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224 Nabokov Studies ing of Nabokov's cosmological aesthetics in the curious 1951 story. While I am sympathetic with the author's investigation of "how . . . Nabokov use[s] the conventions of science fiction to untangle the paradoxes of self-transcendence" (188), I also wish she had made a value judgment about the story, probably the weakest of Nabokov's English fictions. Perhaps the reason for Nabokov's unsuccessful attempt at sci-fi lies in the underlying two-wodd cosmology of his works which requires no "fantastical" world of spaceships and black holes. Susan Elisabeth Sweeney's "The Small Furious Devil: Memory in 'Scenes from the Life of a Double Monster"' explores the reasons Nabokov failed in his experiment at combining exhilarating fictional (and litera ry-subtextual) memories with painful personal ones. Announced as an installment of a longer study of Nabokov's relationship with his brother Sergei, Sweeney's is the finest reading we have of the unfinished 1950 story. Concluding the collection, Mikhail Epstein's provocative "Goodbye to Objects, or the Nabokovian in Nabokov" concentrates on what the critic terms Nabokov's "side vision" (219). Epstein claims a connection between the Russian nábok (literally "leaning sideways") encoded in Nabokov's last name (I find this much too far-fetched, the last name Nabokov being of Tatar origin, from a historical figure, Nabók) and the uniquely Nabokovian technique of shifting away from objects after having described them. Admiring Epstein's wit and audition coloree, I wonder whether his piece, a fine specimen of non-academic essayism, belongs to this collection- of scholarly articles. All considered, the biggest achievement of this collective undertaking by sixteen distinguished critics is in the line of scholarly inquiry that it opens up. Those who have previously viewed Nabokov's short stories as mere footnotes to his novels will leave this book with both a heightened interest in and a new awareness of Nabokov's place among the world's finest story-writers, Maupassant, Bunin, or Hemingway. Maxim D. Shrayer Yale University Julian W. Connolly. Nabokov's Early Fiction: Patterns of Self and Other. Cambridge: Cambridge University Press, 1992, 279 pp. The problem of self and other, as well as the associated issues of other minds and of the relationship between individual achievement and human solidarity, are widely discussed in contemporary scholarship. The study of Nabokov's work could also contribute to this enquiry. However, as the composite title of Julian Connolly's book suggests, the au trior's primary aim is to trace the evolution of a theme in Nabokov's Russian-language fiction rather than to integrate the exploration of this theme into the on-going philosophical debate. Book Reviews 225 Therefore, though the conceptual matrix of the book takes advantage of some of the categories used in adjacent disciplines, its key elements are derived from the moral/epistemological scaffolding constructed in Nabokov's works. The chapter division of the book suggests that seven phases can be distinguished in Nabokov's fiction before World War II, each phase dominated by a specific aspect of the theme of self and other. The most prominent thematic pattern of the first phase, for instance, is a character's obsessive preoccupation with an absent other; later patterns include a character's resistance—wholesome or morbid—to the claims of others, a character's anxiety about his own image in the minds of others, and a character's relationship with the author. Each chapter of the book begins with a discussion of one or more short stories that belong to the same brief period and then goes over to the novel in which the pattern that transpires in the stories is given an extensive treatment. This structure has the additional advantage of helping to demonstrate the multiplicity of links between Nabokov's short stories and his novels, the permanence of his thematic concerns, and his tendency to continue the exploration of the artistic possibilities inherent in his images and motifs beyond the limits of a single text. Julian Connolly associates the theme of the self and other with that of artistic creativity, showing that in Nabokov's worlds true creativeness involves responsiveness (at no small cost to...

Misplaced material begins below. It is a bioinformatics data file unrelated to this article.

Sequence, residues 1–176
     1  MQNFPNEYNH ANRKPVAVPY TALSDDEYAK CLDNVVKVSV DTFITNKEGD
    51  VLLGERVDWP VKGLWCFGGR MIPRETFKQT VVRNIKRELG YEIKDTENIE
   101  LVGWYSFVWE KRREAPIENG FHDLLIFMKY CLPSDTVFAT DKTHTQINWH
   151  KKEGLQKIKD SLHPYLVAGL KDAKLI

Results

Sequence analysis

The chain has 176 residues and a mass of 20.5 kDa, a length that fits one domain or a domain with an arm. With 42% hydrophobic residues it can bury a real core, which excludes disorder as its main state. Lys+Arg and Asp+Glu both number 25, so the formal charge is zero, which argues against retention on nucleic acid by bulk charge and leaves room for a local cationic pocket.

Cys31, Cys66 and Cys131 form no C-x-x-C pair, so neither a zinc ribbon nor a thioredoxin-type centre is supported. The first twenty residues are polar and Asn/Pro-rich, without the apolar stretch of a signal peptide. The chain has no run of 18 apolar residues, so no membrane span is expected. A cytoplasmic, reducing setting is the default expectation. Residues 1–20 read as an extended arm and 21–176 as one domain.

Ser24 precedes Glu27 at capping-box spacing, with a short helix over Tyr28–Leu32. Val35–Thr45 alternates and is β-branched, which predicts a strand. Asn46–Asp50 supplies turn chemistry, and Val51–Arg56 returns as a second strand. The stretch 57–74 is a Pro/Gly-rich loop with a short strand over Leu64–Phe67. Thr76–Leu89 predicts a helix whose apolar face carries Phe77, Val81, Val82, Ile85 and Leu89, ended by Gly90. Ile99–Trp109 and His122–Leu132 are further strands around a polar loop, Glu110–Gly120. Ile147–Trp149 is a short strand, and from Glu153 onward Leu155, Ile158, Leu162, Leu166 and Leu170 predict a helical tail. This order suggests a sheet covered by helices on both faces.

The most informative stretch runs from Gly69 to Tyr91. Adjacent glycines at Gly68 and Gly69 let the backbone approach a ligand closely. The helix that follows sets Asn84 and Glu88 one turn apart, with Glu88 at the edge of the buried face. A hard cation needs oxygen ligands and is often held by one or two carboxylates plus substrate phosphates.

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pp. 224-226
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